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One can think of a topology on a space $X$ as abstracting all the "stable" information (or "physical measurements") one can say about a state $x$ in $X$ (i.e. the open neighbourhoods of $x$ in $X$).

For instance, consider the real number $\pi$ in ${\bf R}$ (with the usual topology). We can't specify $\pi$ exactly in a stable manner, because we can perturb $\pi$ a little bit and it won't be $\pi$. (In other words, $\{\pi\}$ is not open.) But we can say, for instance, that $3.14 < \pi < 3.15$, and this is a stable piece of information (it is true even if we perturb $\pi$ a little bit). The Hausdorff nature of the real line then lets us demonstrate that two quantities are distinct even if we are only allowed to access them in a stable manner. For instance, $\pi$ and $e$ can be stably shown to be distinct, because we have a stable measurement $3 < \pi < 4$ of $\pi$ and a stable measurement $2 < e < 3$ that are disjoint from each other.

Now we work instead with the Zariski topology. Here, we are not allowed to use the $<$ sign to make stable measurements (we are now in the algebraic world rather than the semi-algebraic world). The only way to make stable measurements, then, is to use the $\neq$ sign (in conjunction with the usual arithmetic operations). For instance, one can say that $\pi$ is not equal to $3$, that $\pi^2$ is not equal to $10$, and so forth. This is of course a much weaker topology. In particular, it is no longer possible to use stable measurements to stably separate $\pi$ from $e$. ($\pi$, of course, does obey the stable measurement $\pi \neq e$, and $e$ obeys the stable measurement $e \neq \pi$, but this does not help, because the stable (i.e. open) sets $\{ x: x \neq e \}$ and $\{ x: x \neq \pi\}$ are not disjoint, and so these stable measurements do not force distinctness. In more standard notation, the Zariski topology is $T_0$ but not Hausdorff.) [This has nothing to do with the transcendental nature of $\pi$ or $e$; one also fails to separate, say, $0$ and $1$, in the Zariski topology.]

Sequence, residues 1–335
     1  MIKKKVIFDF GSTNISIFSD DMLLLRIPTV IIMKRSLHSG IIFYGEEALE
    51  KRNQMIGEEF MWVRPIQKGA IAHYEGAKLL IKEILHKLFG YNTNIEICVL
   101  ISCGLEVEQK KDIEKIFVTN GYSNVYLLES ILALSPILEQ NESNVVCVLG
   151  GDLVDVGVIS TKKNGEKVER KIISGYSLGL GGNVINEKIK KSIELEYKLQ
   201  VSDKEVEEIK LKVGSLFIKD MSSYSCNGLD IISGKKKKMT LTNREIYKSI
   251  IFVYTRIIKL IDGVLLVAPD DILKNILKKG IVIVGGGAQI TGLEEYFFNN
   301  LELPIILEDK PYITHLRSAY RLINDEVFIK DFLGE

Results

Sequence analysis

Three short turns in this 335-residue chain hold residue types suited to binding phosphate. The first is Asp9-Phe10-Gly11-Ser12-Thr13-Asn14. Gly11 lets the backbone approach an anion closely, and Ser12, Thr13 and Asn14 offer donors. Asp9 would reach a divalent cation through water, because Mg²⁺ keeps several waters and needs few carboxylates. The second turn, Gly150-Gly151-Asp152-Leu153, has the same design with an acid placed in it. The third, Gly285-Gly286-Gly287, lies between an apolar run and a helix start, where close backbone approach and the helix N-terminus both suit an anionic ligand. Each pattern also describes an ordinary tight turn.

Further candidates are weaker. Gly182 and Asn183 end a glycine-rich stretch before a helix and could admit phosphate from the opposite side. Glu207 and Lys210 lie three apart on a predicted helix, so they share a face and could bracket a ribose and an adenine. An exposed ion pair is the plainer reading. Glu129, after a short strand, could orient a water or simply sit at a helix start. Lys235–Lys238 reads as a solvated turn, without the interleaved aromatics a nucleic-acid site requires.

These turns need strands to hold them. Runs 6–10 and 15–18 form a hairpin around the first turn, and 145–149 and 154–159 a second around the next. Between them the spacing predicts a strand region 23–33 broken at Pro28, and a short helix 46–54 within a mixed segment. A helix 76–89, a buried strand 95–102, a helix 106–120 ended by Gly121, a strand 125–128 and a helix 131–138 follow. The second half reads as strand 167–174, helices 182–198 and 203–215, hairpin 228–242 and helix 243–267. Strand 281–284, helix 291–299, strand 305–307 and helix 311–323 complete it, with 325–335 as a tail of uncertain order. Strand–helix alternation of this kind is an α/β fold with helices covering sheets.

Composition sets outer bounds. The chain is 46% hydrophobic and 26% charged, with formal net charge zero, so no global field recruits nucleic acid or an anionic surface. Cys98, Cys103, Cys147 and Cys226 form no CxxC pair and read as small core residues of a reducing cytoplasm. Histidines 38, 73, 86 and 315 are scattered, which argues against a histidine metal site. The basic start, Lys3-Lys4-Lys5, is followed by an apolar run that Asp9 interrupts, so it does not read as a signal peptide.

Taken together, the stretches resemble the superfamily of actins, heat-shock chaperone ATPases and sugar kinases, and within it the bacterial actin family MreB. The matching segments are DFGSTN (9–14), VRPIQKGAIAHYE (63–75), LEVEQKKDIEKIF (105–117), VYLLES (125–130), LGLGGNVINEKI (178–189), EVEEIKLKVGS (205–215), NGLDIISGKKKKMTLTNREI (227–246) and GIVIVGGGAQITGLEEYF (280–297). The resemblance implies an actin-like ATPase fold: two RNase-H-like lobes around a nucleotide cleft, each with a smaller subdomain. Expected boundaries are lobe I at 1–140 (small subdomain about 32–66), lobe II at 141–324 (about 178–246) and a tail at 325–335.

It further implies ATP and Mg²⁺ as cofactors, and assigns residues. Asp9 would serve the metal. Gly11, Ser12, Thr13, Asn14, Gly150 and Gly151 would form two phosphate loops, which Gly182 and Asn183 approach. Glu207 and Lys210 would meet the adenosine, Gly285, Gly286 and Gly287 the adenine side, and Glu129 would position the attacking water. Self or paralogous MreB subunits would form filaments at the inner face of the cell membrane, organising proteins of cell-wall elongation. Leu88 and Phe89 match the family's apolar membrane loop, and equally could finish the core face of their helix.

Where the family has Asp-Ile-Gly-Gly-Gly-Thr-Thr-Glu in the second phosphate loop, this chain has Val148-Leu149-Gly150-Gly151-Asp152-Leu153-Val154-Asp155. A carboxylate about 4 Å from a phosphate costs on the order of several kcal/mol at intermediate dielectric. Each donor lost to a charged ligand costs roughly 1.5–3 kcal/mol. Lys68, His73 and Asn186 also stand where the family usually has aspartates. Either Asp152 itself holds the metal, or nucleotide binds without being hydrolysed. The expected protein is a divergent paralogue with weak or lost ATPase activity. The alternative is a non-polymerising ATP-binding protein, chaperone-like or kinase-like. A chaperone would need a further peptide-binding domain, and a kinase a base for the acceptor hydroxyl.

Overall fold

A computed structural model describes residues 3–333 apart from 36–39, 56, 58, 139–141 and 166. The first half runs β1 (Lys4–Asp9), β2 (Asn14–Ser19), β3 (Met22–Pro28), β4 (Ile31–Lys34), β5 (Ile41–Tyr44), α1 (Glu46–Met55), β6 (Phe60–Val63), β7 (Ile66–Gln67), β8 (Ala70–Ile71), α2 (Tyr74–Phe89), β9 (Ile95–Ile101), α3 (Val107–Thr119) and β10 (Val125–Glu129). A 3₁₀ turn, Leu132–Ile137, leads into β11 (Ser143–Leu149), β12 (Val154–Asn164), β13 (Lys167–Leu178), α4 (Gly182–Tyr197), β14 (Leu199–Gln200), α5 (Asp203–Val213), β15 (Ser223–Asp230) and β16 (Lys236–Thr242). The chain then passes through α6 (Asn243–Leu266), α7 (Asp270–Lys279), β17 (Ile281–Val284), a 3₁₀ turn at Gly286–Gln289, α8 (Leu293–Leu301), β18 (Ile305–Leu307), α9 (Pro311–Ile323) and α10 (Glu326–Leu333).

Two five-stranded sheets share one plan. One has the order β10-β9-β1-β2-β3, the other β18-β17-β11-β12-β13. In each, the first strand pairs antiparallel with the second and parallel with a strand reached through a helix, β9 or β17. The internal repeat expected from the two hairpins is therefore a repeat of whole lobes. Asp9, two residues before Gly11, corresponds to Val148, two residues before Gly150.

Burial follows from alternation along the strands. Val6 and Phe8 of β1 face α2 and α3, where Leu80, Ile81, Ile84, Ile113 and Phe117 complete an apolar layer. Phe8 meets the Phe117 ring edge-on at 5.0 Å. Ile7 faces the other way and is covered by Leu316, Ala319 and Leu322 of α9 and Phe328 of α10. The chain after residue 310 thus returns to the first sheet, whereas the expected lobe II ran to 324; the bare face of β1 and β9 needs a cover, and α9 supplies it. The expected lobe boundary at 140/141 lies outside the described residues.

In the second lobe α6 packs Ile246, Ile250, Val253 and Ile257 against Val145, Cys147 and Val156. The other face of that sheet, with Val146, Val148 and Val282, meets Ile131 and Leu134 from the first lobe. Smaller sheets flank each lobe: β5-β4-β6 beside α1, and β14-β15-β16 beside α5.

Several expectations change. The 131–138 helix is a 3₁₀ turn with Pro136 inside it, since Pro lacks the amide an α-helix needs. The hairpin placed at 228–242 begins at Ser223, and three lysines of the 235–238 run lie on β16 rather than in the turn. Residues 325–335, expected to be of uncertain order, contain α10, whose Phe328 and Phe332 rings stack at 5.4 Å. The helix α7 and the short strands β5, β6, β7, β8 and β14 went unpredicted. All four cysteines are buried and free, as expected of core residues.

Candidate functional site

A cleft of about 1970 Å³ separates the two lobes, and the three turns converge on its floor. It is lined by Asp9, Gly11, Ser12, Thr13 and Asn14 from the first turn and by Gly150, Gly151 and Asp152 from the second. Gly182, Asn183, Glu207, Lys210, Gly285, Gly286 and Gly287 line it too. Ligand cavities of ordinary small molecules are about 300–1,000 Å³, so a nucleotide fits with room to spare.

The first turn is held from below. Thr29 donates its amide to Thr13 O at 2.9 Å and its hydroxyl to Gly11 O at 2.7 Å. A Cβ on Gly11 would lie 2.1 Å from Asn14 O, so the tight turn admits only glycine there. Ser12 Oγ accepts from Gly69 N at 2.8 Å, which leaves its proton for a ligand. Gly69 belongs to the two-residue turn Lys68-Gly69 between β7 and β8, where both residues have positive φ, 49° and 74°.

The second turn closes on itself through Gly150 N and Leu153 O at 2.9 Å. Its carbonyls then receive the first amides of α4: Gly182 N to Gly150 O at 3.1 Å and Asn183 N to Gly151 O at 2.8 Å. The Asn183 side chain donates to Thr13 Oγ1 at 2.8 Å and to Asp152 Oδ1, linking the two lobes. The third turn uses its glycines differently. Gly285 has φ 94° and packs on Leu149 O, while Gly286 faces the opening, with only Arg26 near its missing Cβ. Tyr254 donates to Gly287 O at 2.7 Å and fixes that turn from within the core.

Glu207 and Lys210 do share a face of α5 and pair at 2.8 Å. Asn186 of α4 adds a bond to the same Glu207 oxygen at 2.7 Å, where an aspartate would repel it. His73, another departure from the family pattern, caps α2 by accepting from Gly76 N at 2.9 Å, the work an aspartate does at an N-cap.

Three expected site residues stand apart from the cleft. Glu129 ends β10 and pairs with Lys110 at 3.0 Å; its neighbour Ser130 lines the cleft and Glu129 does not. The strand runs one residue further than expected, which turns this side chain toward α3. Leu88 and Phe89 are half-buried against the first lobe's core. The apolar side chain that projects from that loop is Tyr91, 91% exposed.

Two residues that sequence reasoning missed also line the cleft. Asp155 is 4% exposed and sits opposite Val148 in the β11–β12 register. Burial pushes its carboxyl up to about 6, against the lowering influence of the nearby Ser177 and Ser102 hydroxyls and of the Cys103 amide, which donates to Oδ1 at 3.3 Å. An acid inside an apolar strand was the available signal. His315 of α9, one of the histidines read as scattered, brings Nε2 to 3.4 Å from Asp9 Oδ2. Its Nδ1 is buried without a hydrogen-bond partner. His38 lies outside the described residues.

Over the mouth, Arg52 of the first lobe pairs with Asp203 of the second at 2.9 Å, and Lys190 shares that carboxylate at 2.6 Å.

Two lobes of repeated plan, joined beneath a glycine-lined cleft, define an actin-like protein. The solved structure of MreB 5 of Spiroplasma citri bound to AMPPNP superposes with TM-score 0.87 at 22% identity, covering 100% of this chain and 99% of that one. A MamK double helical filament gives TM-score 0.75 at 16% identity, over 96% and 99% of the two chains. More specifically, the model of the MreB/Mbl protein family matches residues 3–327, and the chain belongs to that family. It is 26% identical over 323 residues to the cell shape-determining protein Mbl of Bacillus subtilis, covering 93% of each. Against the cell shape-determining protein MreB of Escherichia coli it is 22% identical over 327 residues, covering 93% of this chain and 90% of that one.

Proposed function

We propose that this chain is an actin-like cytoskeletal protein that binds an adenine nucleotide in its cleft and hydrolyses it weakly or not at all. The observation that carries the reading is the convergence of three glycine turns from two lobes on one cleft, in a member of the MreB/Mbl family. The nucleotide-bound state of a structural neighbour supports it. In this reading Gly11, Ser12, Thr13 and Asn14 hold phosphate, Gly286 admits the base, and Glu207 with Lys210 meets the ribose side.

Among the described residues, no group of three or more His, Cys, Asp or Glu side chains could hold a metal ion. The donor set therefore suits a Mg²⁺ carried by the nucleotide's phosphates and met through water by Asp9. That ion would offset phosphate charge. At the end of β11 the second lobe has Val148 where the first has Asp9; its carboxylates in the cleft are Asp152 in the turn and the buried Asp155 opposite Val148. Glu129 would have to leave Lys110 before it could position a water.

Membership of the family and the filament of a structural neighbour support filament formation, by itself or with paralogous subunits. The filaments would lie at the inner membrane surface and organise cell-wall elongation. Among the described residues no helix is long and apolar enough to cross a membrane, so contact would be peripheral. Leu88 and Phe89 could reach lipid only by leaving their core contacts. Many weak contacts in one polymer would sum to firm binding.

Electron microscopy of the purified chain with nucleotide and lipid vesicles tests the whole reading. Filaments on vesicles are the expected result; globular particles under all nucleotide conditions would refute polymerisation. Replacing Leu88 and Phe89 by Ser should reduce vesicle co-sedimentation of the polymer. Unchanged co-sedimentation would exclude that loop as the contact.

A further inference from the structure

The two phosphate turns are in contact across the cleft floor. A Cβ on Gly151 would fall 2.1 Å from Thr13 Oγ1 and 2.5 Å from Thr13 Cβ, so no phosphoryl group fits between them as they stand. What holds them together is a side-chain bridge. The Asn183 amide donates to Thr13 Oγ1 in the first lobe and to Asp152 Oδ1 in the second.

[One can also take a measurement-oriented perspective to other aspects of the Zariski topology. Thus, for instance, a set $E$ is Zariski-dense if there is no way to exclude an arbitrary point $x$ from lying in $E$ using only stable measurements of $x$. As the Zariski topology is so weak, this is a fairly weak property; there are a lot of Zariski-dense sets.]

In general, non-Hausdorff topologies are usually extremely weak topologies, in which there are very few stable measurements available and so it is hard to stably separate distinct points from each other. The most extreme case is the trivial topology, in which no non-trivial measurements are available at all.

One can think of a topology on a space $X$ as abstracting all the "stable" information (or "physical measurements") one can say about a state $x$ in $X$ (i.e. the open neighbourhoods of $x$ in $X$).
For instance, consider the real number $\pi$ in ${\bf R}$ (with the usual topology). We can't specify $\pi$ exactly in a stable manner, because we can perturb $\pi$ a little bit and it won't be $\pi$. (In other words, $\{\pi\}$ is not open.) But we can say, for instance, that $3.14 < \pi < 3.15$, and this is a stable piece of information (it is true even if we perturb $\pi$ a little bit). The Hausdorff nature of the real line then lets us demonstrate that two quantities are distinct even if we are only allowed to access them in a stable manner. For instance, $\pi$ and $e$ can be stably shown to be distinct, because we have a stable measurement $3 < \pi < 4$ of $\pi$ and a stable measurement $2 < e < 3$ that are disjoint from each other.
Now we work instead with the Zariski topology. Here, we are not allowed to use the $<$ sign to make stable measurements (we are now in the algebraic world rather than the semi-algebraic world). The only way to make stable measurements, then, is to use the $\neq$ sign (in conjunction with the usual arithmetic operations). For instance, one can say that $\pi$ is not equal to $3$, that $\pi^2$ is not equal to $10$, and so forth. This is of course a much weaker topology. In particular, it is no longer possible to use stable measurements to stably separate $\pi$ from $e$. ($\pi$, of course, does obey the stable measurement $\pi \neq e$, and $e$ obeys the stable measurement $e \neq \pi$, but this does not help, because the stable (i.e. open) sets $\{ x: x \neq e \}$ and $\{ x: x \neq \pi\}$ are not disjoint, and so these stable measurements do not force distinctness. In more standard notation, the Zariski topology is $T_0$ but not Hausdorff.) [This has nothing to do with the transcendental nature of $\pi$ or $e$; one also fails to separate, say, $0$ and $1$, in the Zariski topology.]